Legal pot would raise some, but not enough revenue for shortfall: House Speaker Charles McCall can’t help but laugh when asked if his Republican caucus members are considering legalizing marijuana to help fill the state’s gaping budget hole. But industry observers say a growing number of cash-strapped states and municipalities across the country are turning to legalization — and the heftier taxes lawmakers can tack onto marijuana sales — to help fill their own budget gaps and to pay for popular programs like education. [Stillwater News Press]

Oklahoma’s college students spend over $22 million more to learn what they didn’t master in high school: Each fall, many Oklahoma high school graduates enter in-state colleges and universities with achievement deficits. In 2015, just over 40 percent, or about 6,734 of the 16,796 college freshmen who graduated from 461 Oklahoma public high schools, enrolled in a remedial class, according to Oklahoma State Regents for Higher Education. [Oklahoma Gazette]

New study ranks Tulsa in top 5 cities for first time homebuyers: Tulsa is the 5th best city for first time homebuyers in 2017, according to a new report from SmartAsset. Oklahoma City ranked at number 2 behind Pittsburgh. The study examined seven key metrics in each city to determine rankings: Mortgage lenders, value per square foot, loan funding rate, affordability ratio, market volatility, negative quarters since 2011 and homeowner stability index. [Fox23]

Quote of the Day

“I understand the state is struggling, but the county is, too. We can’t afford to keep subsidizing the state.”

– Dennis Semler, Tulsa County Treasurer, on the shifting of the costs of government from the state to counties and cities (Source)

Number of the Day


Change in Oklahomans’ personal income between 2015 and 2016, one of six states with negative growth

Source: Pew Charitable Trusts

See previous Numbers of the Day here.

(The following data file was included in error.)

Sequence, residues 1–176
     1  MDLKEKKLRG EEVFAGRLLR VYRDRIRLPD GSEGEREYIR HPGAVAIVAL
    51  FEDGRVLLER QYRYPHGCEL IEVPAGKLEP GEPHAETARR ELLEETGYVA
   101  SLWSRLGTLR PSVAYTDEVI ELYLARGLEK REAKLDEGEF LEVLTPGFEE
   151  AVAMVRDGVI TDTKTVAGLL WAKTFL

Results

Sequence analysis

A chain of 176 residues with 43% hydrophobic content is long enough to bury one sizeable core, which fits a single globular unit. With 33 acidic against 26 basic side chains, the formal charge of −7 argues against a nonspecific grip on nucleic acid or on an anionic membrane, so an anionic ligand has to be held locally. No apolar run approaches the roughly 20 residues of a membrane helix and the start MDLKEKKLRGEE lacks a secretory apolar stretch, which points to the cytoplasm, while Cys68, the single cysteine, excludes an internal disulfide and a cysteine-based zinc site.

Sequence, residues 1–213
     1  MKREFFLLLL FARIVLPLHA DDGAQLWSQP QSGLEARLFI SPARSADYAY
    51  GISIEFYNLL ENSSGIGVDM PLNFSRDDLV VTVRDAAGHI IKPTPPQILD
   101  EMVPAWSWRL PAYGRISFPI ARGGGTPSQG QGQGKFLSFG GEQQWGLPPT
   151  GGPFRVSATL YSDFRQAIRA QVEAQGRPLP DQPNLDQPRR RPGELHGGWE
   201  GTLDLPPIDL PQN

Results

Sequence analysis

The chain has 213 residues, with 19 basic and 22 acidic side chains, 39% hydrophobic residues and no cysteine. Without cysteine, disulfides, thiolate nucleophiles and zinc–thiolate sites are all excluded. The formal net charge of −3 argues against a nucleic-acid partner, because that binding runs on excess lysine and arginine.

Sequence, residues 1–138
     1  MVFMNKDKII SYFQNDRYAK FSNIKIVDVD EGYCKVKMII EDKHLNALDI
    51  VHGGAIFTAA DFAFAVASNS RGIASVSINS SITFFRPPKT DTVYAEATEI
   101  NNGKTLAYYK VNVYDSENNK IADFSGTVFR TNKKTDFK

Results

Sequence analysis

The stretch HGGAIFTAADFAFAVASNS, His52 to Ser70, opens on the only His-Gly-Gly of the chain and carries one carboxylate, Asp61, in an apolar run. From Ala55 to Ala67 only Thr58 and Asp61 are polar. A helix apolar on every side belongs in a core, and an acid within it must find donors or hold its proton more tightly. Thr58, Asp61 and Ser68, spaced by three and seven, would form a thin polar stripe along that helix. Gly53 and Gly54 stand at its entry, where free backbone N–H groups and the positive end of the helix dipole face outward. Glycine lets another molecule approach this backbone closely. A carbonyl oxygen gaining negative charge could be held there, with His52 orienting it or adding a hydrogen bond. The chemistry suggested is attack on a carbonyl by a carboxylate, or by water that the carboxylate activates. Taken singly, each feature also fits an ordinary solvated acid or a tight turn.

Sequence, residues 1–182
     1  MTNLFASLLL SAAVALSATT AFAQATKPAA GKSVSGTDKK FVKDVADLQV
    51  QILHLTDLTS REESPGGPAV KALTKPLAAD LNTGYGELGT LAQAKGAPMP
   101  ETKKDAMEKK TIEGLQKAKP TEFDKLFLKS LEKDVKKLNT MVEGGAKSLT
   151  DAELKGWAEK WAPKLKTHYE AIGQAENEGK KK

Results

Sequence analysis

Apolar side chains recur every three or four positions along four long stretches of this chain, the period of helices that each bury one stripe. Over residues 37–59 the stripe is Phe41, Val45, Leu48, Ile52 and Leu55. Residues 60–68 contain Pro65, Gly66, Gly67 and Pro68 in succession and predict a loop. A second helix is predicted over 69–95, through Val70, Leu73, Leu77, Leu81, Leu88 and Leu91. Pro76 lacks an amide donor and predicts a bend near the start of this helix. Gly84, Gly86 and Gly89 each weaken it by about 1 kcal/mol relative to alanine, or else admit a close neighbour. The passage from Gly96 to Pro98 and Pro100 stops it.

Policy Note

How does nutrition affect children’s school performance?: As politicians debate spending and cuts in President Donald Trump’s proposed budget, there have been questions about the effects of nutrition programs for kids. From before birth and through the school years, there are decades-old food programs designed to make sure children won’t go hungry. Experts agree that the nutrition provided to millions of children through school meal programs is invaluable for their health. [CNN]

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Courtney Cullison worked for OK Policy from 2017 to 2020 as a policy analyst focused on issues of economic opportunity and financial security. Before coming to OK Policy, Courtney worked in higher education, holding faculty positions at the University of Texas at Tyler and at Connors State College in eastern Oklahoma. A native Oklahoman, she received an Honors B.A. in Political Science from Oklahoma State University, and an M.A. and Ph.D. with emphasis in congressional politics and public policy from the University of Oklahoma. While at OU, Courtney was a fellow at the Carl Albert Congressional Research and Studies Center. As a professor she taught classes in American politics, public policy, and research methods and conducted original research with a focus on the relationship between representatives and the constituents they serve.